There are also themed-living communities which consist of the Multicultural Hall in Pauley (open to all years), all-women housing (Berkus House, named after alumnus Dave Berkus), the E. Norris Hall, the Queer House, and the Food Justice house.[65]

    Occidental College has various student-run clubs, organizations and ventures such as the Green Bean Coffee Lounge, organic garden, and the student-managed bike sharing and repairing program. There are also traditional groups such as glee club, Greek organizations, and student media outlets.

    Media

    The campus newspaper is The Occidental, an independent, student-run publication. It has been published continuously since 1893.[66] As of the 2019–20 school year, The Occidental publishes biweekly in print and weekly online.

    KOXY is a student-run campus radio station, in operation in the 1960s and 1970s, and again since 2000.[67] It originally operated on the frequency 104.7 in and around campus from 1968 to 2009, but switched to only being available by webstream in 2009. KOXY sponsors several on-campus events.

    In 2010, Occidental College launched a TV station called CatAList, launched by then-students Daniel Watson and Raffy Cortina;[68] Cortina was also the first Occidental student to be awarded with a Student Academy Award from the Academy of Motion Picture Arts and Sciences for his s

    The campus newspaper is The Occidental, an independent, student-run publication. It has been published continuously since 1893.[66] As of the 2019–20 school year, The Occidental publishes biweekly in print and weekly online.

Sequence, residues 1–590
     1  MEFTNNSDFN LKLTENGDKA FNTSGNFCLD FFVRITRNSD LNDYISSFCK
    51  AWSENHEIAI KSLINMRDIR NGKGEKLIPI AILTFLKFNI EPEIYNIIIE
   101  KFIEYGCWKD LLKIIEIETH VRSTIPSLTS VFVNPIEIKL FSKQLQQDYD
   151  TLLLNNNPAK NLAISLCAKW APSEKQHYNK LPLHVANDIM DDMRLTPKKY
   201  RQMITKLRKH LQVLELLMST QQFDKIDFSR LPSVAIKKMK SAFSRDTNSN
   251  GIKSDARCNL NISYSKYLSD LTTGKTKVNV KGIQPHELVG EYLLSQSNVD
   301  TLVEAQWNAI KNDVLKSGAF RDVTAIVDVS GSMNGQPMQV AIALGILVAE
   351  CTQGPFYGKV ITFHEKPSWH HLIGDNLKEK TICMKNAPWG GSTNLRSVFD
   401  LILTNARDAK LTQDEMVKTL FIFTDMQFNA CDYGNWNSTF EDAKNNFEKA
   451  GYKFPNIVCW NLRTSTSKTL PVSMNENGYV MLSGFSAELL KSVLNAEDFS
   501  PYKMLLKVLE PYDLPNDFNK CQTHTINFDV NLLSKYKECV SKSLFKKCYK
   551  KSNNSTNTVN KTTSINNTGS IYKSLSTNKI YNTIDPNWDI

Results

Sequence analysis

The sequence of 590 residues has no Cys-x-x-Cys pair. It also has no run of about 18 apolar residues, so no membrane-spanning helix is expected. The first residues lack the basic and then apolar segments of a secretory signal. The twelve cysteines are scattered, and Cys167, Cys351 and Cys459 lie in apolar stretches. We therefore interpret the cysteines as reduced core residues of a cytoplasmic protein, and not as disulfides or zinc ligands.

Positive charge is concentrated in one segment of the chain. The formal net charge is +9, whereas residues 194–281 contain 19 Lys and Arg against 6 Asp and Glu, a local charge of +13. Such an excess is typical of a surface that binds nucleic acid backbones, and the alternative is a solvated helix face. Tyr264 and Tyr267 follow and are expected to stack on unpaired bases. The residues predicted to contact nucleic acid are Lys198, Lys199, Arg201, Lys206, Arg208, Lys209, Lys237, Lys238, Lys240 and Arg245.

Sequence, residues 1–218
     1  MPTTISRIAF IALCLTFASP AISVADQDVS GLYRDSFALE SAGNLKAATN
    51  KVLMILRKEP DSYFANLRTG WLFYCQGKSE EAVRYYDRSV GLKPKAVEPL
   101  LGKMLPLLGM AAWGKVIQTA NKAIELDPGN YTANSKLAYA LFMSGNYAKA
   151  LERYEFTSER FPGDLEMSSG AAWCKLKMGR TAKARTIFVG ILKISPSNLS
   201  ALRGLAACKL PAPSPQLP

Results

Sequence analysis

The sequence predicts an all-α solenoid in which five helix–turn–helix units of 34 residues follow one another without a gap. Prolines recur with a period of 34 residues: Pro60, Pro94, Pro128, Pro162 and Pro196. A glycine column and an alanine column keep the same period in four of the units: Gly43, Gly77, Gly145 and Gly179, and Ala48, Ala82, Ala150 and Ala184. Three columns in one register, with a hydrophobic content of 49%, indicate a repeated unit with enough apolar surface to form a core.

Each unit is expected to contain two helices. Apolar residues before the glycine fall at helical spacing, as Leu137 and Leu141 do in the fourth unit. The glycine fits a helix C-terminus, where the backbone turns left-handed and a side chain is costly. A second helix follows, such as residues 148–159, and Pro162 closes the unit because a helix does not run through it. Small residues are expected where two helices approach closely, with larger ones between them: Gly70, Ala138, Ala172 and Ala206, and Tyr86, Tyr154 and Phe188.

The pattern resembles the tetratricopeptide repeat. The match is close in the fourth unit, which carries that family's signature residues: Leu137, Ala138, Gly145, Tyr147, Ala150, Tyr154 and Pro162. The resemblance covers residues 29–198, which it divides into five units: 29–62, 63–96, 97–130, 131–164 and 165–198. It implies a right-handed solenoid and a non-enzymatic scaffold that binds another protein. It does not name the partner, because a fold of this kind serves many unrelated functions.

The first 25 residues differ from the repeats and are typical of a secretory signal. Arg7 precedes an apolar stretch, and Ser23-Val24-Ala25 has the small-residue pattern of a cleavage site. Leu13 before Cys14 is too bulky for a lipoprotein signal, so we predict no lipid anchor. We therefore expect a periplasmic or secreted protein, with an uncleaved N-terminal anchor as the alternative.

KOXY is a student-run campus radio station, in operation in the 1960s and 1970s, and again since 2000.[67] It originally operated on the fre

    KOXY is a student-run campus radio station, in operation in the 1960s and 1970s, and again since 2000.[67] It originally operated on the frequency 104.7 in and around campus from 1968 to 2009, but switched to only being available by webstream in 2009. KOXY sponsors several on-campus events.

    In 2010, Occidental College launched a TV station called CatAList, launched by then-students Daniel Watson and Raffy Cortina;[68] Cortina was also the first Occidental student to be awarded with a Student Academy Award from the Academy of Motion Picture Arts and Sciences for his short Bottled Up.[69] The station produces 20–30 minutes of student-run content weekly on a variety of topics.

    Occidental College's Greek Council consists of eight members: local sororities Alpha Lambda Phi Alpha, Delta Omicron Tau; national sorority Kappa Alpha Theta; local fraternity Zeta Tau Zeta (co-ed), and national fraternity, Sigma Alpha Epsilon.[70] These greek organizations are social organizations as opposed to academic greek organizations. Occidental has a fall and a spring greek recruiting period; first year students are first eligible to participate in greek recruitment during the spring of their first year. Occidental also has two cultural greek organizations: Kappa Alpha Psi and Sigma Lambda Gamma. The college is working to expand their roster of greek organizations by adding Phi Beta Sigma, Delta Sigma Theta, and Zeta Phi Beta.[71]

    Local involvement

    Southern California Intercollegiate Athletic Conference (SCIAC) in 1915 and is currently a member of the SCIAC and NCAA Division III. Occidental features 21 varsity sports teams and a program of club sports and intramural competition. Approximately 25 percent of the student body participates in a varsity sports program.[72]